The overall tone and tenor of Elegy – floating yet substantive, reflecting on serious emotions but with a lightness of touch – reflects Bleckmann’s thoughts on the inevitability of the life cycle, the sublimity of our life’s punctuation.

Bleckmann and company recorded Elegy at New York City’s Avatar Studios with producer Manfred Eicher, who helped shape the album. “Elegy” was released by ECM in 2017.

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In describing the art of Theo Bleckmann, the Chicago Reader declared that he is “one of the most flexible and uncategorizable figures on the New York scene. Since the mid-’90s, he has been doing his thing in a niche of his own invention, somewhere between jazz, cabaret, classical, experimental and improvised music. He has got a strong, precise voice and impeccable pitch control… with range and curiosity. It’s tremendously rare for a singer to realize the potential of the voice so thoroughly.

Bleckmann’s first appearance in a jazz context for ECM was his featured role on pianist Julia Hülsmann’s exploratory 2015 album A Clear Midnight – Kurt Weill and America, which The Guardian called “one of the great jazz treatments of the songs of Kurt Weill,” singling out Bleckmann’s vocal “eloquence.” Prior to that, he appeared as a member of the Meredith Monk Ensemble on the albums mercy (2002) and impermanence (2007).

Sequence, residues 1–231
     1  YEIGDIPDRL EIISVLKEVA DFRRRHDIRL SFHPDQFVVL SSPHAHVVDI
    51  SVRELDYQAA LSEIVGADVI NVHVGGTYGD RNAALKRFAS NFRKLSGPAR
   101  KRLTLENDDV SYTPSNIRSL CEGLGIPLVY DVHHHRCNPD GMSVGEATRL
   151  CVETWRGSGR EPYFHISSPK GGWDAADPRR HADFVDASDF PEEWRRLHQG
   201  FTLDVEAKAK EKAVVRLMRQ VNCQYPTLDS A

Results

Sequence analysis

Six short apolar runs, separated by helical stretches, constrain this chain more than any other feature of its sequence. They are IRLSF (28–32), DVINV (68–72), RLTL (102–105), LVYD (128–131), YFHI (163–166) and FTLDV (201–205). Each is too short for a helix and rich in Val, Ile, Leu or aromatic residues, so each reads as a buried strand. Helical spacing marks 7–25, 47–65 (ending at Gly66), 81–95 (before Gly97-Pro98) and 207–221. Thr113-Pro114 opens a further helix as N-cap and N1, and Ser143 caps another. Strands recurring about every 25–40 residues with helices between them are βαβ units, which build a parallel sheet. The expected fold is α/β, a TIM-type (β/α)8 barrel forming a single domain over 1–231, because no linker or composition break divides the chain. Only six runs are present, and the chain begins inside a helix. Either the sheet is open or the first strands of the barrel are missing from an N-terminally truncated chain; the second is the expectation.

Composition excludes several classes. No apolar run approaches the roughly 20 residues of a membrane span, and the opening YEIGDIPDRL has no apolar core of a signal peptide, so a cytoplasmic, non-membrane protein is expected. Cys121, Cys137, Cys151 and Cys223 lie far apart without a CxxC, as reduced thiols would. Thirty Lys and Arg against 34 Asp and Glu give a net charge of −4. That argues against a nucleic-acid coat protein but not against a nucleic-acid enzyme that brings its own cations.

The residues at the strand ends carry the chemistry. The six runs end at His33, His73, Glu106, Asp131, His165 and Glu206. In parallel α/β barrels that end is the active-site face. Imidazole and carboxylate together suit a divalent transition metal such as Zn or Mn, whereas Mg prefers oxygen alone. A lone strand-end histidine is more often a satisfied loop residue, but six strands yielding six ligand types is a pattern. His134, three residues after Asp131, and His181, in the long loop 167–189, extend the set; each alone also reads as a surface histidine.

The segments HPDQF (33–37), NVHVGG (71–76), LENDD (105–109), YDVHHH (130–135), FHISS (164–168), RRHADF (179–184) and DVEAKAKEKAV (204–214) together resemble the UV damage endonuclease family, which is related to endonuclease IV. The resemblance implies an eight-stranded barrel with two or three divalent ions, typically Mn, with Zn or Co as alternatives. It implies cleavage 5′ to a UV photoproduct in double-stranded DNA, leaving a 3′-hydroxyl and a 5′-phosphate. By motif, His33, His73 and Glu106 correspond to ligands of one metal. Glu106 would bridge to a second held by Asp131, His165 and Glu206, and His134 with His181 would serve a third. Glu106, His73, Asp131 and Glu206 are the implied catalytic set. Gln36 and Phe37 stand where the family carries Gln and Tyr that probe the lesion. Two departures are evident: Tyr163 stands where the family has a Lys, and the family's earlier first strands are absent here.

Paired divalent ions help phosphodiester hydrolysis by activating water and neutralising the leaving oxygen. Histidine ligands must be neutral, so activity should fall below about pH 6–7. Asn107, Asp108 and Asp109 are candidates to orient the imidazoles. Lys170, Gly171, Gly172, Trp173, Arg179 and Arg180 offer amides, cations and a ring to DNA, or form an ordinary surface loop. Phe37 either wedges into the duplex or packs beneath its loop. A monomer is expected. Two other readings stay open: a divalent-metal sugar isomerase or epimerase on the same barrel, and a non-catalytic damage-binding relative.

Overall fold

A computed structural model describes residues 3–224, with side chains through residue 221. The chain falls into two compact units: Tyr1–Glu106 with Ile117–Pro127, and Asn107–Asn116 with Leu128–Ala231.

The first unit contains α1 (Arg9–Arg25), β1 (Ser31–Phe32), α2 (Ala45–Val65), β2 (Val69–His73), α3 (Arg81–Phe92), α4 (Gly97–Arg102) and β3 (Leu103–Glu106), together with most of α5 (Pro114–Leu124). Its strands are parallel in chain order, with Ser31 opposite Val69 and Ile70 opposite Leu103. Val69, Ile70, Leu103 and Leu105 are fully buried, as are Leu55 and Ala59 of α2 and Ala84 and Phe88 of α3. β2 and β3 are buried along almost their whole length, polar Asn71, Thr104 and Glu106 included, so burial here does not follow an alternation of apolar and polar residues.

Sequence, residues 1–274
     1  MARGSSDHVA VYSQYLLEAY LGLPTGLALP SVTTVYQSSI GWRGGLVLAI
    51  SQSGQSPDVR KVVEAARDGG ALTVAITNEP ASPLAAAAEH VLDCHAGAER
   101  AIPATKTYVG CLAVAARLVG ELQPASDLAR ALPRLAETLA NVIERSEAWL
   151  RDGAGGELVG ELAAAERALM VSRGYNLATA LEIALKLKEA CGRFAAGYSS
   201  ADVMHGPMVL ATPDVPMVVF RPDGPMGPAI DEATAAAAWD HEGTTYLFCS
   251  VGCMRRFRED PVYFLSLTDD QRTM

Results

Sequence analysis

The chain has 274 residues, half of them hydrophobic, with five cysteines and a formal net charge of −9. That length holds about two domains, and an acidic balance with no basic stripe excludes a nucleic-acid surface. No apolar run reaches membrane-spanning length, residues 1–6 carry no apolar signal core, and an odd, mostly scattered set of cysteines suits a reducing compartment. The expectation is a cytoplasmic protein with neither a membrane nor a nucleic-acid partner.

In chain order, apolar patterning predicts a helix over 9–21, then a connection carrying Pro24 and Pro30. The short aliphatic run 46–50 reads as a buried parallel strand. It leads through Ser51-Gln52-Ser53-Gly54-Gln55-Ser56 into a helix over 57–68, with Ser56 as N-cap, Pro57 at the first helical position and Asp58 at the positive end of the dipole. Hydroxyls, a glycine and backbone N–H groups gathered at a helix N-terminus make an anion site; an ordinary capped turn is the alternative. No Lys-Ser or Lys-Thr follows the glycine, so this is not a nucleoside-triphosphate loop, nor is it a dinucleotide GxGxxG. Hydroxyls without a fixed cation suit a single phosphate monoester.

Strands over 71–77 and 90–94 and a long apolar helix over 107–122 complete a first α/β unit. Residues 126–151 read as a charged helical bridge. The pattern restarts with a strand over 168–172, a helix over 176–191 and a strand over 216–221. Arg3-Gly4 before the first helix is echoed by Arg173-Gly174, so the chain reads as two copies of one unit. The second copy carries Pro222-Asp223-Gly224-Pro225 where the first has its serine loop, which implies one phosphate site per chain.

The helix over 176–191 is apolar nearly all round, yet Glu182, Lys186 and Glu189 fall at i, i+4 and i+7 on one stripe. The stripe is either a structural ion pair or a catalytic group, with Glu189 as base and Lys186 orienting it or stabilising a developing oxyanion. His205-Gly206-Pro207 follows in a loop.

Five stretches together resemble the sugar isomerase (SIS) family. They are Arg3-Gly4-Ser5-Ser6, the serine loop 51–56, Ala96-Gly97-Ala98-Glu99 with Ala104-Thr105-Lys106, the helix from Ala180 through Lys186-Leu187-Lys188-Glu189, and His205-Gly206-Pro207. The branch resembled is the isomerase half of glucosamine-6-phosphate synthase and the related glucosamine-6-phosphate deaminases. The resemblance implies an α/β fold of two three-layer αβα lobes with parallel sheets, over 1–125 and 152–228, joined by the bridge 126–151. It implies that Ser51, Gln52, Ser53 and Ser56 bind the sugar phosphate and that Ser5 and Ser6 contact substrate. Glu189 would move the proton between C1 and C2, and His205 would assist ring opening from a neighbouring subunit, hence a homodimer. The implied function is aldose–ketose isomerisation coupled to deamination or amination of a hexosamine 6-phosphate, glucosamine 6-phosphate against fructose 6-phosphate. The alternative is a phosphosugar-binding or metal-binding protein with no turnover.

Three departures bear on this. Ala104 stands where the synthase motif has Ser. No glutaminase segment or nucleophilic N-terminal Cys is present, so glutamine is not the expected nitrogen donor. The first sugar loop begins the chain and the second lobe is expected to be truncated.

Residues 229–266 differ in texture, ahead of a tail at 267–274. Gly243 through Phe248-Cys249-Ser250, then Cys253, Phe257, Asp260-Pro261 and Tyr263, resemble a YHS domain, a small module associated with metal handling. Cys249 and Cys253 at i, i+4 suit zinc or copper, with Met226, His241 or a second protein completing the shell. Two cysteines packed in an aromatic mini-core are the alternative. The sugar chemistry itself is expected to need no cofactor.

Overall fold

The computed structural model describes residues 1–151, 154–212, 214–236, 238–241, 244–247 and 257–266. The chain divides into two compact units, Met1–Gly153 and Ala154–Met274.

Since 1989, Bleckmann has been a resident of New York, where his early champions included jazz vocal great Sheila Jordan. He has sung everything from songs by Charles Ives and Kate Bush to Las Vegas standards and Shakespearean sonnets, collaborating with figures from Laurie Anderson to John Zorn.